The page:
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A better approach to contested claims?

Adjudicating claims requires evaluating players' abilities and judging "normal" lines of play. Many BW postings indicate this is grey area full of subjectivity. Why not use a technical evaluation based on claimer's prospects against any distribution of the unseen cards?

Take the common situation where declarer faces his hand and says "I have the rest" or states a vague "four diamonds, three spades" that does not lay out a proposed line. Say it's notrump or a suit contract where trumps have been drawn. Defenders notice a potential problem - entry, blockage or whatever - and the TD is called.

Rather than projecting normal lines, let the TD assign the result of a line for maximum tricks against any distribution of the defenders' cards (and best play by defenders) in the context of distributions consistent with players having shown out of a suit (or suits) to this point. (E.g., if West has shown out of clubs then East has the unseen clubs.) Let's call this line a "maximum line" and claims where the maximum falls short "careless".

This assigned result is fair to declarer who has implicitly claimed against any such distribution. In fact if he has an ironclad (not careless) claim it is safer not to state a line of play. Only if his claim depends on inferences other than those available from defenders' failure to follow suit should he state a line. Further, if no line is stated defenders can face their cards (the actual distribution is now irrelevant) to see if their combined holding suggests contesting it.

The assigned result is also fair to defenders because for careless claims it will always be less than claimed, unlike current procedure which attempts to project play against *actual* distribution. Thus the price of careless claims goes up (good) and adjudication becomes an objective calculation (also good).

Finding a maximum line is usually straightforward in claims cases. Take a few BW examples, most of them recent:

Example 1: The much discussed 7NT in the Zimmerman/Sasa match in Chennai 

4 3


9 6 5 4

A 8 6 5 3 2



A 7

A K Q T 7 3

K Q T 9

K led. Declarer claims. There is an evident maximum line for 13 tricks, so the claim stands.

Example 2: Alan Frank post on claiming and blockages

In both of Alan's examples declarer states a line compatible with a maximum line so the claims stand.

Example 3: Alan Frank post on claiming on a finesse 

Claim not valid. Declarer can no longer use the auction for evidence of distribution. The maximum line delivers 8 tricks only.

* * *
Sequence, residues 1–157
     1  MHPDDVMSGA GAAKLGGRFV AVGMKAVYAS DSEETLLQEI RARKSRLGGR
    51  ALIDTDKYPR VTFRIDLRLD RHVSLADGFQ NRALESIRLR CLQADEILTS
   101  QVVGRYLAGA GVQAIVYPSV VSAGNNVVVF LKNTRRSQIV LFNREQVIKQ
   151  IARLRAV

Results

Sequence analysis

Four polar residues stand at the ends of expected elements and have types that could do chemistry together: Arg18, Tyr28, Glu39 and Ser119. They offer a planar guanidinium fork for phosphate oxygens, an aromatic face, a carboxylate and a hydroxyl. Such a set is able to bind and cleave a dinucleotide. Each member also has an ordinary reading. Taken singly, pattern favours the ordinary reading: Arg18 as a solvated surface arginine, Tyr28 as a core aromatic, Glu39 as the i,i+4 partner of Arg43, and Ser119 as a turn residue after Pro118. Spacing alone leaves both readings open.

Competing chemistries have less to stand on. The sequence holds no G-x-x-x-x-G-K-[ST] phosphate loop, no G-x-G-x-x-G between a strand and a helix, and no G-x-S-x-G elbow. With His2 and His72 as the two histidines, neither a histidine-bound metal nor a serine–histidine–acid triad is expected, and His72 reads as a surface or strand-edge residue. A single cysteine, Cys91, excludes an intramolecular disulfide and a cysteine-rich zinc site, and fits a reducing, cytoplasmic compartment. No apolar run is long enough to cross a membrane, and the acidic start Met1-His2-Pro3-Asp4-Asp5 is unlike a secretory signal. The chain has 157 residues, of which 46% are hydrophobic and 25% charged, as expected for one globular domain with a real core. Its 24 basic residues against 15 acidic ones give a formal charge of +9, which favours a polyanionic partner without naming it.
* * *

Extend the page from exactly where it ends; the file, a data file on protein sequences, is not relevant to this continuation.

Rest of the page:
Example 4: Henry Bethe post on bad claims 

Here declarer deserves just two tricks any way you look at it. But if North held four or five spades in the end position declarer might get three tricks on current adjudication, but only two on maximum line.

Example 5: Rui Marques on claims and concessions

Page 7: declarer has implicitly stated a line of play based on a squeeze so actual distribution *is* relevant and he gets only two tricks as current law prescribes.

Page 9: This seems to be an example contrived to illustrate a reckless claim ruled good by projecting a line of play. It shows the difficulties of adjudication. In contrast, the maximum line approach is simpler and fairer: declarer goes down three (even if clubs and hearts split "at the table"). The lesson: be careful!

Example 6: Glenn Eisenstein on are acbl rules open to interpretation 

This was the 7-card ending


Kx  KTxxx

Declarer miscounted and claimed the rest, which she got because a projected line dropped the club Q. The maximum line gives her six tricks.

Example 7: an example by Kit Woolsey in Boye's 10 weeks

x A AKQJxxxx AKQ

AK KQJ J10xxxxxx

7NT on a spade lead. Declarer claims without making a statement. The contract is cold against any distribution, but declarer might not see it, so the maximum line benefits him.  These situations would be rare.


Other less common cases need a look: when a trump is outstanding that declarer overlooked, then he should probably lose a trick if possible with projected normal play. When it is a defender who claims, the maximum line idea might apply, with best play by declarer and partner against the claim.

Overall this approach seems to have merit for its simplicity and fairness.

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